arguments are very precise and careful. That said, it really is a
starting point, not the end-point it essentially became. Much more
study and refinement of Cliff's formulation can and should be made,
particularly with all the data now available that was not when the
first drafts were penned. Additionally, I believe the theory can and
should be refined in several ways: looking more closely at the rise of
state capitalism in Russia as a response to imperialism (rather than
the more neutral sounding "world capitalist pressures"); looking at how
state capitalism functioned in Eastern Europe, as well as countries
that arrived at "Stalinism" through their own revolutions/national
liberation struggles (Cuba, Vietnam, North Korea...); looking at
non-Stalinist state capitalist countries (Iran...); looking at "state
capitalist" countries allied with the West (South Korea, Zaire, fascist
Spain...); looking at monopoly state capitalist methods of economic
control in the US/imperialist countries (military spending
(specifically), government spending (generally) taxation, monetary
policy, labor, environmental, and financial regulations, zoning, etc.)

3) I agree with Louis that groups in the IS tradition have often
fetishized this one simplified, misunderstood term, and alienated a
good number of potential members who could add tremendously to the
cause of building a revolutionary party in the US. This is not what it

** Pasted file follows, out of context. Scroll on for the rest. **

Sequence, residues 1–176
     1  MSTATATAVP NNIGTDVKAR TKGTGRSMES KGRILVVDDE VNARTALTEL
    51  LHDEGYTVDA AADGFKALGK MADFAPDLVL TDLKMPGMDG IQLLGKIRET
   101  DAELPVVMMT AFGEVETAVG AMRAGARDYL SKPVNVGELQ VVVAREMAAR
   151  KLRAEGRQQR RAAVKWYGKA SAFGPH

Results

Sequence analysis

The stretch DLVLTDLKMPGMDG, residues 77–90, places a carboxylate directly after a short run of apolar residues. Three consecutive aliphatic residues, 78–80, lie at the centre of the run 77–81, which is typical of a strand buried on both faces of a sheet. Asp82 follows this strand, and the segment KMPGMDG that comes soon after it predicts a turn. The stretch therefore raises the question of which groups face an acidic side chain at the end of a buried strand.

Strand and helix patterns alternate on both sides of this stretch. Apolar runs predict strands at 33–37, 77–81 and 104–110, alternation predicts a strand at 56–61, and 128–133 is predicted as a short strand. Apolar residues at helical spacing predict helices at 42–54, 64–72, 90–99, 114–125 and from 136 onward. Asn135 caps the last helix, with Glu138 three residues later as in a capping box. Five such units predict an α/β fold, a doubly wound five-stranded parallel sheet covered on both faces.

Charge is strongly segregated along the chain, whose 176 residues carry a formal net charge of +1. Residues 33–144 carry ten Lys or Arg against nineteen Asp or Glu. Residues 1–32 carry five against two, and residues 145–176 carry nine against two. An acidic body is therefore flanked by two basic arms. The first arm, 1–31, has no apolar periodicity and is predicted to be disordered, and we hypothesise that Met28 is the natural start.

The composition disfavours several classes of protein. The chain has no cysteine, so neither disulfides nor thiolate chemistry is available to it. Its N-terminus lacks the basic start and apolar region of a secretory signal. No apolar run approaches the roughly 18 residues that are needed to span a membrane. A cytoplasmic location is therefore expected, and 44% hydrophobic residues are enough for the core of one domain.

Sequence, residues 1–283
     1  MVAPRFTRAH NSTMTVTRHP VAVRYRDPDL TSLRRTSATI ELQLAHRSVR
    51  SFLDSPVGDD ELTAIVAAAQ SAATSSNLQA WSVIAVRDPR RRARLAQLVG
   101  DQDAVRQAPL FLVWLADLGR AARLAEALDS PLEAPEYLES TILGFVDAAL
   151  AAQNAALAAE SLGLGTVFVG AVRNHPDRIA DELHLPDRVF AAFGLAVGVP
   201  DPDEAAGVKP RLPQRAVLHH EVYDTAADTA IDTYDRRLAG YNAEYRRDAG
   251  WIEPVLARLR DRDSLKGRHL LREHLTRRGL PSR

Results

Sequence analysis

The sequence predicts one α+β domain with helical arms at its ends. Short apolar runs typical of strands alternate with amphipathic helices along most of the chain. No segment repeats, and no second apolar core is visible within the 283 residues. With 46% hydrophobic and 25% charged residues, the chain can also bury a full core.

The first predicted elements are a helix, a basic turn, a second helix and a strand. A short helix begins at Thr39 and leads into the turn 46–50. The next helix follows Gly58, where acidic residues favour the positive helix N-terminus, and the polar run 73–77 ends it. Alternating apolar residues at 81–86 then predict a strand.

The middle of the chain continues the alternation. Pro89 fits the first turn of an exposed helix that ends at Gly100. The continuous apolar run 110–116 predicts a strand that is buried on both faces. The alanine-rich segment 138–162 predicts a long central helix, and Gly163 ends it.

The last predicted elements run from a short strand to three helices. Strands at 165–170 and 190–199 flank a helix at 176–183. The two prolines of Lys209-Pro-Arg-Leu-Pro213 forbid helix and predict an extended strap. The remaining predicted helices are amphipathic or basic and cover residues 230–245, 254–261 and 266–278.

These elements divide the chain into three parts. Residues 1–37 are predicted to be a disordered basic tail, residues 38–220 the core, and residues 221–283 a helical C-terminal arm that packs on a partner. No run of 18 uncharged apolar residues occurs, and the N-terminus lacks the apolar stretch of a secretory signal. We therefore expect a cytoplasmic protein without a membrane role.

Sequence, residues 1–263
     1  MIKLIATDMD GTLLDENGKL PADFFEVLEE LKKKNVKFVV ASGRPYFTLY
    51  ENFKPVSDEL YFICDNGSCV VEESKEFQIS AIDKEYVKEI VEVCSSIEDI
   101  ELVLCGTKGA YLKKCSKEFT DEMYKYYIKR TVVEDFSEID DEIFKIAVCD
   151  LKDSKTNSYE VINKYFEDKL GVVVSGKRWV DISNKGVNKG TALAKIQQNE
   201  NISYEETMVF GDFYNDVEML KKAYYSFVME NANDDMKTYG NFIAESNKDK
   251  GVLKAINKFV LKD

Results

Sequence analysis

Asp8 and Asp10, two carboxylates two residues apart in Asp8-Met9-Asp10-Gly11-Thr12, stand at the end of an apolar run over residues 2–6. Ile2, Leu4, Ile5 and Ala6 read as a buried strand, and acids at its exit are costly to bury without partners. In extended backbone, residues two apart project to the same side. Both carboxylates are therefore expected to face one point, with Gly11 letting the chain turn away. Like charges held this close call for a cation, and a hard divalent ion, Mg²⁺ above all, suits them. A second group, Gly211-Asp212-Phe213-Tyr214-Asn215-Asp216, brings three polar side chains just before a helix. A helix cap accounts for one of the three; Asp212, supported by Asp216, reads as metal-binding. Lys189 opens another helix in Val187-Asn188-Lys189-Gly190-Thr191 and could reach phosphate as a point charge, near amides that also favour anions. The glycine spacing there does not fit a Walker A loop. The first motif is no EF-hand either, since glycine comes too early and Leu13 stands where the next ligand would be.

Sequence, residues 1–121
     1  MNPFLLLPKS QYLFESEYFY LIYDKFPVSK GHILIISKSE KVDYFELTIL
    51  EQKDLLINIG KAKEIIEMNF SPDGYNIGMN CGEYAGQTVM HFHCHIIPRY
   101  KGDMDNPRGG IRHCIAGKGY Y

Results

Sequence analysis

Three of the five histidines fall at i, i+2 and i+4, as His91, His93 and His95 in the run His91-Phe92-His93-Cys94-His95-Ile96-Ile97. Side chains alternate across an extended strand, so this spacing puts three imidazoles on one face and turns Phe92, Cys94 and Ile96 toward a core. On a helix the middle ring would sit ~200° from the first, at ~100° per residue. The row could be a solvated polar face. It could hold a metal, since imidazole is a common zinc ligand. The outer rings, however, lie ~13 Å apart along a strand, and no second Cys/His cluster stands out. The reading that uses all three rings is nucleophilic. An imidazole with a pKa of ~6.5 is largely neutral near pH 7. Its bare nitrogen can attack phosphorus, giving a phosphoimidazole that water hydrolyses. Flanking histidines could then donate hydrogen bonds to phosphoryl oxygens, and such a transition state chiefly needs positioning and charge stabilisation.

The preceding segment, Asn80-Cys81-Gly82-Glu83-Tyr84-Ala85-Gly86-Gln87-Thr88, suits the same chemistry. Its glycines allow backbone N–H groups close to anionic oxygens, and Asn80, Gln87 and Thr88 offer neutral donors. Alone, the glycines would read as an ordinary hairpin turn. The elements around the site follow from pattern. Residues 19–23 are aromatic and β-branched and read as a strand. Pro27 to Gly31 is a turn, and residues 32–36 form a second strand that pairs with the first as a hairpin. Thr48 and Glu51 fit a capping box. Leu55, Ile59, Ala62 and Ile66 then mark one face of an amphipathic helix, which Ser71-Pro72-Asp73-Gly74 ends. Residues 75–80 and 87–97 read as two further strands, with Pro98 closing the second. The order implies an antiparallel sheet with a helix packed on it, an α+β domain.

should be. And it seems that the ISO at one point tried to do this,
since Joel Geier is one of the leading ISO members, but does not agree
with the the "state capitalist" theory. But the practical work day to
day in the 80s (and to a large extent in the 90s as well) of having to
have an explanation for the horrors of Stalinism, meant in practice
that a single explanation won out. At this point, I am for removing the
mentioning of state capitalism in the "Where We Stand" section of SW.
(I would delete: " The experience of Russia demonstrates that a
socialist revolution cannot survive in one country. China and Cuba,
like the former Soviet Union and Eastern Bloc, have nothing to do with
socialism. They are state capitalist regimes which oppress and exploit
workers. We support the struggles of workers in these countries against
the bureaucratic ruling class." I would then expand the section on
imperialism to be more explicit...something like "imperialism cannot
bring democracy" ...and "we support the struggles of workers everywhere
against their own ruling classes." I would also like to change a few
other things, since it seems to be addressed to the sectarian left
laying out the differences between the ISO and other groups, rather
than to the newly class-conscious worker laying out basic principles)
But, as I am not able to be active at the moment, I really have no say
or influence on that.

4) What really matters in the debate about Cuba is not whether or not
you think it is a socialist paradise, socialism with some distortions,
or a capitalist country. What really matters is this: will you defend
the Cuban people against the aggressions and provocations of the US
without hesitation? Period.

soli,
DCQ